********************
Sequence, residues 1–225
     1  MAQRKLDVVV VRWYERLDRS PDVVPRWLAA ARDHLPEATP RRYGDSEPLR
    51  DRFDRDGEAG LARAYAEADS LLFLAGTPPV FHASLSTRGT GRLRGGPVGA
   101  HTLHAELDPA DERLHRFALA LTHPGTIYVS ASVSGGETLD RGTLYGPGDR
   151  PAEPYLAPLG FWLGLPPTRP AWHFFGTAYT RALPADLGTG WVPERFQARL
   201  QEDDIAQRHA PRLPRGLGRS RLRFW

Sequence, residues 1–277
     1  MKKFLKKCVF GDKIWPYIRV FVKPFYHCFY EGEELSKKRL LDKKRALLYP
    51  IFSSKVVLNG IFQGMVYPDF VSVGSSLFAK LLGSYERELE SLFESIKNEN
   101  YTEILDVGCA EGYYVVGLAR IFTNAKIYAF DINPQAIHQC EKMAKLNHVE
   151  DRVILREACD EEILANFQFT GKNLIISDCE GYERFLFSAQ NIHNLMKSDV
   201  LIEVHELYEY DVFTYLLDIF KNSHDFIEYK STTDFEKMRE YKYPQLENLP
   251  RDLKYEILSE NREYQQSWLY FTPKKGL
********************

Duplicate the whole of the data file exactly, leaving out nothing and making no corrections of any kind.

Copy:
Sequence, residues 1–225
     1  MAQRKLDVVV VRWYERLDRS PDVVPRWLAA ARDHLPEATP RRYGDSEPLR
    51  DRFDRDGEAG LARAYAEADS LLFLAGTPPV FHASLSTRGT GRLRGGPVGA
   101  HTLHAELDPA DERLHRFALA LTHPGTIYVS ASVSGGETLD RGTLYGPGDR
   151  PAEPYLAPLG FWLGLPPTRP AWHFFGTAYT RALPADLGTG WVPERFQARL
   201  QEDDIAQRHA PRLPRGLGRS RLRFW

Sequence, residues 1–277
     1  MKKFLKKCVF GDKIWPYIRV FVKPFYHCFY EGEELSKKRL LDKKRALLYP
    51  IFSSKVVLNG IFQGMVYPDF VSVGSSLFAK LLGSYERELE SLFESIKNEN
   101  YTEILDVGCA EGYYVVGLAR IFTNAKIYAF DINPQAIHQC EKMAKLNHVE
   151  DRVILREACD EEILANFQFT GKNLIISDCE GYERFLFSAQ NIHNLMKSDV
   201  LIEVHELYEY DVFTYLLDIF KNSHDFIEYK STTDFEKMRE YKYPQLENLP
   251  RDLKYEILSE NREYQQSWLY FTPKKGL